End of Life Planning Part 2

Planning a Memorial As your loved ones age, it’s important to know how they want to be memorialized and buried. While many people still prefer solemn, formal funerals or mourning ceremonies, others are beginning to lean more towards parties and celebrations of life. Knowing the kind of memorialization that your loved one wants will take the decision making off your shoulders when the time comes to carry out their wishes. Detailing these wishes as part of a legal document will ensure that your loved one is honored and memorialized as they want. If you’re concerned about the cost of funerals,

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How to Make End of Life Plans Part 1

According to the CDC, around 60 percent of U.S. adults have no plan in place for the end of their lives. Consequently, close friends and family are left to sort through personal belongings, funeral arrangements and asset distribution while they’re mourning. Solidifying an end of life plan can ease the minds of everyone involved. Your loved one’s final wishes can be known and recorded as an objective legal document. This gives you and your family a map to follow. This process involves discussing all the conditions surrounding someone’s death before they die, as opposed to during or after. Having these

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Why don't we talk about death?

Why don't we talk about death?

Why don't we talk about death? First of all, it’s going to happen to each and every one of us. Yet, why does initiating a conversation about planning ahead for death always seem to make people run in the other direction? Why don't we talk about death?  What is it that makes us so fearful?  Do you think that having conversations about end-of-life plans will in fact “jinx” you? Why don't we talk about death? Why talking about death and planning ahead is beneficial: We are less prepared to tackle end-of-life decisions during a crisis (when incapacity occurs or when a loved one

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Help Adult Children face Your End of Life

How to Be a Health Advocate for Your Aging Parent

There are many reasons adult children might struggle to face their parents mortality. Let's face it, no one wants to think about death and dying much less talk about it. Yet, it's inevitable and deserves setting aside time to have a very important conversation while you are able to.  Help Adult Children face Your End of Life As you grow older and end-of-life preparations are considered, there comes a time when you will need, and want, people to join in and help you as you go through the process of getting your affairs in order. At the very least, you’d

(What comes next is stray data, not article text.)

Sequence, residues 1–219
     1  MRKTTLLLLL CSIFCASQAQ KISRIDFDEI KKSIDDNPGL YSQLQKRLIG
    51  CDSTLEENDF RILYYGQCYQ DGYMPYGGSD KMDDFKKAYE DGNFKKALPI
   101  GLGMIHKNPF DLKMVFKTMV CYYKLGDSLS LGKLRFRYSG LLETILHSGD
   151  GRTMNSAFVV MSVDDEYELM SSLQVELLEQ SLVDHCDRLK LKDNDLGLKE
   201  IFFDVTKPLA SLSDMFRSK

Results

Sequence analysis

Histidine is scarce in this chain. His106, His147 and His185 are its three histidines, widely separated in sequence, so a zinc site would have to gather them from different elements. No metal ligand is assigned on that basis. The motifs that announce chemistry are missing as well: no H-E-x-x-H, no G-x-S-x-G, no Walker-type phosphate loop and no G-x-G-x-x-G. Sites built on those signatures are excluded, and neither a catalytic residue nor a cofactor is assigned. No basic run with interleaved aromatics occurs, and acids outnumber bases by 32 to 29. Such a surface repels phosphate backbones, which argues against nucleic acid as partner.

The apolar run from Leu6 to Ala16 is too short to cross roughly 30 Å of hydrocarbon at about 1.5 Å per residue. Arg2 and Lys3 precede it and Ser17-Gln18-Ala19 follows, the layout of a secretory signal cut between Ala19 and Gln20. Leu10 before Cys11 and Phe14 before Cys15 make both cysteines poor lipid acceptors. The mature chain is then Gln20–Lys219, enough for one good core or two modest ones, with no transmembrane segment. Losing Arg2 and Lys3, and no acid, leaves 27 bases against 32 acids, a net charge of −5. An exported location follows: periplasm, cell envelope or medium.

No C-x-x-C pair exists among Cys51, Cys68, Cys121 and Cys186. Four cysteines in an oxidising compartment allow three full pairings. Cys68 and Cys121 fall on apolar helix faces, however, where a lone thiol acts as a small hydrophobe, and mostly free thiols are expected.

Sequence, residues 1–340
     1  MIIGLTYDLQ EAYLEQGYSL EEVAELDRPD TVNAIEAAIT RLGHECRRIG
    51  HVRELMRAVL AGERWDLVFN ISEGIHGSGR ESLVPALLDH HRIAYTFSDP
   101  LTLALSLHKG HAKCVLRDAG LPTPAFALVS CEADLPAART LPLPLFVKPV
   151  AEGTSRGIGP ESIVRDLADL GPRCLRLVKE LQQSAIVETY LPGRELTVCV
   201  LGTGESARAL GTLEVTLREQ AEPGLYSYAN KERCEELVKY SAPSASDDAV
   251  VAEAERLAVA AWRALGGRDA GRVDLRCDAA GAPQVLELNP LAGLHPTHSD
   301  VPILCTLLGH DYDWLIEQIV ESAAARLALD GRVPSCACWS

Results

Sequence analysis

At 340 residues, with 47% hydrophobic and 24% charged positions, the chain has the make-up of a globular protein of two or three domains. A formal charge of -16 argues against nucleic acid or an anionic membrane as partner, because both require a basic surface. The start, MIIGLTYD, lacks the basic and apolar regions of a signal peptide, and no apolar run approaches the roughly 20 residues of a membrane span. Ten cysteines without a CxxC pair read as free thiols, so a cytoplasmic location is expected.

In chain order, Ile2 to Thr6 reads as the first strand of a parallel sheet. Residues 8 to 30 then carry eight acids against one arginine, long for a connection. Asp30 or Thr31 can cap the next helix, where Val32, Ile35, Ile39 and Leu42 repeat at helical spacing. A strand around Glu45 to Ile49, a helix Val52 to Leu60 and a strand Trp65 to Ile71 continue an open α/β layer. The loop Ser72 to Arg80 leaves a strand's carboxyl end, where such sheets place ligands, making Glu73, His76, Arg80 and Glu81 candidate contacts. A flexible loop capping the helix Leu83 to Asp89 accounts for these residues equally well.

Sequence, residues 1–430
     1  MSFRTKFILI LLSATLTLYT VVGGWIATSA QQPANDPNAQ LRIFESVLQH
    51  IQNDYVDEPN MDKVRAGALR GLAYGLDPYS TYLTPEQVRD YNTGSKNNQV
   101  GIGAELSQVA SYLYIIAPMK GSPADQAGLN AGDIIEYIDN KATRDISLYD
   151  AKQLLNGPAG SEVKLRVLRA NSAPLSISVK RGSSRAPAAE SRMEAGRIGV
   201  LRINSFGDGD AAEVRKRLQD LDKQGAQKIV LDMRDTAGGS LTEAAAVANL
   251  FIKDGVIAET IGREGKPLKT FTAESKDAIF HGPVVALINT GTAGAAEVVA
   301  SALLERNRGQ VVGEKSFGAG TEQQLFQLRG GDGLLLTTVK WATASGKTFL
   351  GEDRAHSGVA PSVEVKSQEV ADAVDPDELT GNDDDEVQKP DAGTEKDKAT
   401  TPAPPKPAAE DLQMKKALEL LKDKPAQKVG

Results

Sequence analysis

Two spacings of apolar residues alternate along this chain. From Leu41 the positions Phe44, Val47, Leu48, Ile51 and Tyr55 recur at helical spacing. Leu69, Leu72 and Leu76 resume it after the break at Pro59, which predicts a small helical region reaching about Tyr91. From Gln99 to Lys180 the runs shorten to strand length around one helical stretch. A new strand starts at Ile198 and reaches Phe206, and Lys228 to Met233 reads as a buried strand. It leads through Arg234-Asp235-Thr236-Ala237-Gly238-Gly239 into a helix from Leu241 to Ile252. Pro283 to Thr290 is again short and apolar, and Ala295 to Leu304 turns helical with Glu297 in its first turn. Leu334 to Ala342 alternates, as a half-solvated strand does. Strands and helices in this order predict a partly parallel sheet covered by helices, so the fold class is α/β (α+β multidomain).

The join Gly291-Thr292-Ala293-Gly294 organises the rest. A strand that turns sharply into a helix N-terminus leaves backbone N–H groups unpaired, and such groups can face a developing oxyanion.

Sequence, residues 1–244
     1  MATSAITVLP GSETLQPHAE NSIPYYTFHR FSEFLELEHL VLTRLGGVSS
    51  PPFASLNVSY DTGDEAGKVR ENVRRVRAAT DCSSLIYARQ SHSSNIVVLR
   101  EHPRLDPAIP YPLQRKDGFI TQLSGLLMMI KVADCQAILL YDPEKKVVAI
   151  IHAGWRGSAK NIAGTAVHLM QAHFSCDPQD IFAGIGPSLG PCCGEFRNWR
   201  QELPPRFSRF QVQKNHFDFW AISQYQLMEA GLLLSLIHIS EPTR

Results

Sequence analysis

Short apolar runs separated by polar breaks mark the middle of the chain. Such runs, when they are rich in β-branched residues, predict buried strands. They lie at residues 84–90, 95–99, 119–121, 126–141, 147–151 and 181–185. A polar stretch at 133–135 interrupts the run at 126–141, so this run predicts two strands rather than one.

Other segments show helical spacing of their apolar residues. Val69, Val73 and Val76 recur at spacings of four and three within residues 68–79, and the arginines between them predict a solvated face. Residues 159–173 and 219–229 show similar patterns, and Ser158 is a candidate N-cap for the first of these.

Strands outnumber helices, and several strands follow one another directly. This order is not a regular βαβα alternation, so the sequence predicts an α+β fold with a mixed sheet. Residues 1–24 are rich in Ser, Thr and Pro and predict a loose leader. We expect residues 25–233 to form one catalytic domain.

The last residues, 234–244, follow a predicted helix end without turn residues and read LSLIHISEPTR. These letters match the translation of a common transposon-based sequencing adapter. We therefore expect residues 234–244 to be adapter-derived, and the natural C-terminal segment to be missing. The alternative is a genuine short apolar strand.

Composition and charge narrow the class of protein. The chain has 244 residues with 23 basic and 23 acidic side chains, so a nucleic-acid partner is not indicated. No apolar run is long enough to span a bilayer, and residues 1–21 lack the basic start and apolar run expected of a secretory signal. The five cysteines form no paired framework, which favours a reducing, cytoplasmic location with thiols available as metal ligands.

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Initiating End-Of-Life Conversations with Parents

Initiating End-Of-Life Conversations with Parents

Whether you plan ahead or you’re thrown into a situation due to a sudden health crisis, end-of-life conversations are never easy. Couple that with trying to initiate these conversations with your aging parents.  End-of-Life talks can be excruciatingly delicate and sometimes difficult. One must simultaneously tread lightly, yet boldly. Initiating End-Of-Life Conversations with Parents Here are some basic guidelines to help prepare for these very important and personal discussions. Initiating End-Of-Life Conversations with Parents Start now Initiating End-Of-Life Conversations with Parents If you think it’s difficult to find the time today, it could be much harder.  Imagine what it will be like trying to

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Discussing Your Aging Care and Death

Discussing Your Aging Care and Death

Discussing Your Aging Care and Death Now that Medicare has begun to cover advanced care planning, chaotic life – and dying – decisions will hopefully diminish Discussing Your Care and Death The “death panels” have arrived. Starting this month, your physician can charge Medicare for the time she spends speaking with you and your family about end-of-life care – a very good and important step. Lawyers bill for the time they spend counseling clients about estate planning. Until now, doctors have generally provided the analogous service – advanced care planning – for free. Patients often postpone such discussions because they’re afraid to face

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